This programme aims to train psychology graduates in the range of skills and competencies essential for the delivery of tier two psychological assessments and interventions in a range of services for children, young people and their families.

You will be employed in a one-year clinical placement in the Scottish NHS Child & Adolescent Mental Health Service, gaining valuable experience applying psychological theory to practice, under the supervision of a qualified clinical psychologist.

Alongside essential elements for applied psychologists in health (e.g. assessment and formulation, and evaluation) and child and adolescent mental health professionals (e.g. safeguarding children, child and adolescent development and health promotion), there is a particular focus on the early years and early intervention. There is also a strong emphasis on parenting and supporting parents through evidence-based models of parent-focused intervention.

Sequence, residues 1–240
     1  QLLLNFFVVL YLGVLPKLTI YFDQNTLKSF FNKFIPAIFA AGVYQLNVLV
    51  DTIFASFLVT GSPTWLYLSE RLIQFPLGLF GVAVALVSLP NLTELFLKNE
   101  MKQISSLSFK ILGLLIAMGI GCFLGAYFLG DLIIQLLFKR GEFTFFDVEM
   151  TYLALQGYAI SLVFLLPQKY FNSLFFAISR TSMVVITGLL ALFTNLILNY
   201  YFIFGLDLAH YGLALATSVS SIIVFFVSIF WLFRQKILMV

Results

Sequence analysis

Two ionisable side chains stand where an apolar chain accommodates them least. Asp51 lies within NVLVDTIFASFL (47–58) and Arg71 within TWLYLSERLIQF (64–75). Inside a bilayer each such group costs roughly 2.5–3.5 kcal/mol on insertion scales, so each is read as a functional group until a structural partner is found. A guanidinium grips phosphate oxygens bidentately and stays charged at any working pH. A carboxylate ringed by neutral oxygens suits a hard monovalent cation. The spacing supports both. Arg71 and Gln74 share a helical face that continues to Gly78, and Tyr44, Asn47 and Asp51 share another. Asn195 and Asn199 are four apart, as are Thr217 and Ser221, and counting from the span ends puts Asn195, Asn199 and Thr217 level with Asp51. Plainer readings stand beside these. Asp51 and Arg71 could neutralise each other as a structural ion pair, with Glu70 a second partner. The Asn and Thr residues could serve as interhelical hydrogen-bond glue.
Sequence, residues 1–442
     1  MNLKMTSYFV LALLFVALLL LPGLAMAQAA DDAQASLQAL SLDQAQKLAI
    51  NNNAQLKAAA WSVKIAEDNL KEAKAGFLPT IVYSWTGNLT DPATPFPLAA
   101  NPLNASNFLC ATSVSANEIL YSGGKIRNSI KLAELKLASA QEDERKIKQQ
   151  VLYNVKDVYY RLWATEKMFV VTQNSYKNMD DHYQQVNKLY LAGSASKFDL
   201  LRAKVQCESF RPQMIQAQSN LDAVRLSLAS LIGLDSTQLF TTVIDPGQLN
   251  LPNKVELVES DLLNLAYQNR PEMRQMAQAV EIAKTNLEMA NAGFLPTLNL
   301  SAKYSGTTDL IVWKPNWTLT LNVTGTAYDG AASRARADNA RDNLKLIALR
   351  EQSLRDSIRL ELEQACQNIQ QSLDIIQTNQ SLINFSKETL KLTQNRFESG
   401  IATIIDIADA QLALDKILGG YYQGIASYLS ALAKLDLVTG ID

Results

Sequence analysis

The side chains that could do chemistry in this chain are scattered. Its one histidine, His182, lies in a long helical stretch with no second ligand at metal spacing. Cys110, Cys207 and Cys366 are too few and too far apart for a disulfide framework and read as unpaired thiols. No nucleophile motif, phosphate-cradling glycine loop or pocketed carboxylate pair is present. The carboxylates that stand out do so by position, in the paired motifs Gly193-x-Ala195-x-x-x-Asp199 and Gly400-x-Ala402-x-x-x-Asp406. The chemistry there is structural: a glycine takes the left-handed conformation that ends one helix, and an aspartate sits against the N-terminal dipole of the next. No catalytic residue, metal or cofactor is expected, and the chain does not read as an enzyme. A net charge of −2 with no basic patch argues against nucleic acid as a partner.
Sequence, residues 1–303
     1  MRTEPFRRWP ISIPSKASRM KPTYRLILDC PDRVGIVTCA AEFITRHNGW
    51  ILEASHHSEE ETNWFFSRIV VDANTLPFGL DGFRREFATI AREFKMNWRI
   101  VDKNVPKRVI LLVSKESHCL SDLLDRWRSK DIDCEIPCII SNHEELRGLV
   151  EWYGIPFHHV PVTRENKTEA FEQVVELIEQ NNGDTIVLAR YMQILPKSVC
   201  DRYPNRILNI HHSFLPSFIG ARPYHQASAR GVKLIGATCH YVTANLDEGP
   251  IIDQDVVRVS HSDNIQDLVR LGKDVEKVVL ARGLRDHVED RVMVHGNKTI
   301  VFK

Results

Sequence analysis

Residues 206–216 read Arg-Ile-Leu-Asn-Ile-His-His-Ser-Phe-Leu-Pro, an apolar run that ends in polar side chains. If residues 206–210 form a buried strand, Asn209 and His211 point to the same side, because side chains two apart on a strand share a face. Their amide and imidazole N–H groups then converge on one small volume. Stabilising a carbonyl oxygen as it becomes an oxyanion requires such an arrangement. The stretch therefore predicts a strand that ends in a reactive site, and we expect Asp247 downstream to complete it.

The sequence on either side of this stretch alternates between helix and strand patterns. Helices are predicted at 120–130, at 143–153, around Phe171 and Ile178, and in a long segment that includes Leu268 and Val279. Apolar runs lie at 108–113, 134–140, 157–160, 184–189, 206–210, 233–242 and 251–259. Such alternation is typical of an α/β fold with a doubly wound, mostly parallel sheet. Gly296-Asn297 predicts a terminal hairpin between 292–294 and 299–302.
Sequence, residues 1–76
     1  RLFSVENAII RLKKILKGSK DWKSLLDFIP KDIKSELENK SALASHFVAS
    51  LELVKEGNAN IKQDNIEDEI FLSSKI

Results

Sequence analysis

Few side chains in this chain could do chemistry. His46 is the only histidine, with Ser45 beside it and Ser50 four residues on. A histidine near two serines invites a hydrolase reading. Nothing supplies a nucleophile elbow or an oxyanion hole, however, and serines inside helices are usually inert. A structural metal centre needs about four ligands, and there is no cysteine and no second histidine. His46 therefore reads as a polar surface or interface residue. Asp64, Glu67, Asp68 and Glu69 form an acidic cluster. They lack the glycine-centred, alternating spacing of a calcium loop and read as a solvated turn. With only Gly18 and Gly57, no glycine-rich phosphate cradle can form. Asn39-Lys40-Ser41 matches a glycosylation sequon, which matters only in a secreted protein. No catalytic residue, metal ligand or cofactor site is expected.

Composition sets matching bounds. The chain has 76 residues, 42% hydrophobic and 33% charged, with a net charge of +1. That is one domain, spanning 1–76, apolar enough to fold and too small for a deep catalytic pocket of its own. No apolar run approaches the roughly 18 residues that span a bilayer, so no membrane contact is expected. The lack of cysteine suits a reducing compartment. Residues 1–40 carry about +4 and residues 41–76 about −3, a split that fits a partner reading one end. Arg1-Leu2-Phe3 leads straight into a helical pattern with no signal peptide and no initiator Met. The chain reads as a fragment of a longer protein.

The clinical experience gained on placement facilitates linking theory to practice and fosters the development of professional skills necessary for post-qualification practice.

Programme structure

The programme is a one year, full-time course with teaching delivered at both the University of Edinburgh and NHS partnership sites in Glasgow.

Clinical placements will be with one of the NHS Health Boards within Scotland.

Courses include:

  • Assessment and Formulation
  • Child and Adolescent Development
  • Early Years and Early Intervention
  • Evaluation and Research
  • Professional Context and Clinical Management
  • Promotion of Mental Health and Emotional Wellbeing